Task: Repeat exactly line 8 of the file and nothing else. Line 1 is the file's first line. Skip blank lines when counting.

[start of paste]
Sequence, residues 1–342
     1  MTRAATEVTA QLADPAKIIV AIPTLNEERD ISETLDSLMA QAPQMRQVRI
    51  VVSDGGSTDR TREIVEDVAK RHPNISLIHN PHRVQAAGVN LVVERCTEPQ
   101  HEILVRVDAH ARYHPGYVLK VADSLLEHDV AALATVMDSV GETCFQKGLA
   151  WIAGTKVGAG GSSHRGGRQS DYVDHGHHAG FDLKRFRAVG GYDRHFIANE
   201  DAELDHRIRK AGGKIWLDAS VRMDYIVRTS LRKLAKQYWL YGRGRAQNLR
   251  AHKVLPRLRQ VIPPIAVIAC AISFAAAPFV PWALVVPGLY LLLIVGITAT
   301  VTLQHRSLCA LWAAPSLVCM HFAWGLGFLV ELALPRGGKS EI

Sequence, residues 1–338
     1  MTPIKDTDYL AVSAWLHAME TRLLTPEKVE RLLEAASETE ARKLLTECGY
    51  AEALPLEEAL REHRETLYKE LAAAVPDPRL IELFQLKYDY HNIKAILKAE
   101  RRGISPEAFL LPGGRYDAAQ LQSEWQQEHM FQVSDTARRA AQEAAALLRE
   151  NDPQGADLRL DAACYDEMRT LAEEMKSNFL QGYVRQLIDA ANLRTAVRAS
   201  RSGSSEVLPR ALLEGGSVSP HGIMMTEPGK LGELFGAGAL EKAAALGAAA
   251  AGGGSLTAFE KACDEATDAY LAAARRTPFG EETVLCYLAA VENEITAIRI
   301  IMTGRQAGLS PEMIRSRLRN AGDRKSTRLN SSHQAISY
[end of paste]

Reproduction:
   301  VTLQHRSLCA LWAAPSLVCM HFAWGLGFLV ELALPRGGKS EI